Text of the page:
In a context where the collective frameworks that structure people's social and individual identities have been deinstitutionalizing, we are compelled to rethink them within the framework of the new processes of socialization, in which labor, as traditionally understood, is no longer the central axis. New social spaces are created for such identity construction to take place. Within such spaces, the social policy, by means of its symbolical power derived from the power of the State to establish classifications, defines the social identities by conditioning the daily practices of social actors. Women internalize their stay in social programs, ascribing a particular meaning to it. In this perspective, this work presents a typology that is set with basis on the relative distance separating women who are 'beneficiaries' of employment programs from the prospects to build their own autonomy. It aims at contributing to challenge the social actions from a gender perspective, while more or less enabling of changes in the subjective repertoires of women and of a different (or not) way of doing things and seeing themselves and their future. The work used a qualitative approach for building the typology that was based on the analysis of female either explicit or implicit representations and social imaginaries. This methodology has the peculiarity of capturing the social actor's internal perspective by using a language of concepts (Glasser & Strauss, 1967, Denzin & Lincoln, 1994).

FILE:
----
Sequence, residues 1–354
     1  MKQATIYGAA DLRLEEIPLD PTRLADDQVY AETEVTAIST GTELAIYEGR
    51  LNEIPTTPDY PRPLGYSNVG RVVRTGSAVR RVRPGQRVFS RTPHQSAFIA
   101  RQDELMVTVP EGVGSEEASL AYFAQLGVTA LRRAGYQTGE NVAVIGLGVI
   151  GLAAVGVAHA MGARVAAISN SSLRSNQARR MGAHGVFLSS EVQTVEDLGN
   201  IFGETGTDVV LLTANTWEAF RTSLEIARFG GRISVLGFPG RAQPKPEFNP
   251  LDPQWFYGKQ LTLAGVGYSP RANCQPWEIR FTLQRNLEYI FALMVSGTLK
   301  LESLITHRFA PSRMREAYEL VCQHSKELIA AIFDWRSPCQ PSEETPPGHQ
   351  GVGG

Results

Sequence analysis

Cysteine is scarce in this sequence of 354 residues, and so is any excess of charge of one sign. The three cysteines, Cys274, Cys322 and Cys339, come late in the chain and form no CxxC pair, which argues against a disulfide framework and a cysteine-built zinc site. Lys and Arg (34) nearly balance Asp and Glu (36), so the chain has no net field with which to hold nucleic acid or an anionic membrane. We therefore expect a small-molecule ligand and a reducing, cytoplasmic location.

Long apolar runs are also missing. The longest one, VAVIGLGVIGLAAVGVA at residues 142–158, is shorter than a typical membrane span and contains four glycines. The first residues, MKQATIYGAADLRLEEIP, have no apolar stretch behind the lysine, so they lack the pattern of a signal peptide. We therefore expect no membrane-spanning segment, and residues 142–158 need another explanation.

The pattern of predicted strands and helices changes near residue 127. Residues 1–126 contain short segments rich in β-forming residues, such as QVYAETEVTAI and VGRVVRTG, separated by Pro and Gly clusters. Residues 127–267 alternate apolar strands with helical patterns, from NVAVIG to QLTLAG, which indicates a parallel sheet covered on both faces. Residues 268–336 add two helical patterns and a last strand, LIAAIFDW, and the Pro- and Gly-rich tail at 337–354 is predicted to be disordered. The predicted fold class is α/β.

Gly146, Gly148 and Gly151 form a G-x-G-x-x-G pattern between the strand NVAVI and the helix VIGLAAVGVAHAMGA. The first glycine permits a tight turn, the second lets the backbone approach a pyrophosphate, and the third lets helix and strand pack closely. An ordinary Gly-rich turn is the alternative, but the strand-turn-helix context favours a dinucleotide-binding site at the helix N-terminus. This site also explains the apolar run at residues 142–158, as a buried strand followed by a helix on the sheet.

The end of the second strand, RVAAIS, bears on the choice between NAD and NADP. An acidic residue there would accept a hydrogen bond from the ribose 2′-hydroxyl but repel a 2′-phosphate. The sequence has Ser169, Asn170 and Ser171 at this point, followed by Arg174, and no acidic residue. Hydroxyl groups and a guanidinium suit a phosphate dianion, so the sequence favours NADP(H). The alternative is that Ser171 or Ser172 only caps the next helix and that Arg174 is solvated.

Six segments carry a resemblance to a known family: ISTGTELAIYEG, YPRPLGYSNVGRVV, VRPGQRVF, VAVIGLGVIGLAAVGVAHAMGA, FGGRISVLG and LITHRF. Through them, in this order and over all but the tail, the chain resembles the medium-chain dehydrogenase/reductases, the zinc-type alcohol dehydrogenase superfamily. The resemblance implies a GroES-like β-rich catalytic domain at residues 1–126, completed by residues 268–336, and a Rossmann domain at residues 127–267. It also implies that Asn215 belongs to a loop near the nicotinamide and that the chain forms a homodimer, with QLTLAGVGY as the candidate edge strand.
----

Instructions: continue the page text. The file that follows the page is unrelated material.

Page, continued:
Gender; Social policies; Identities; Gender Representations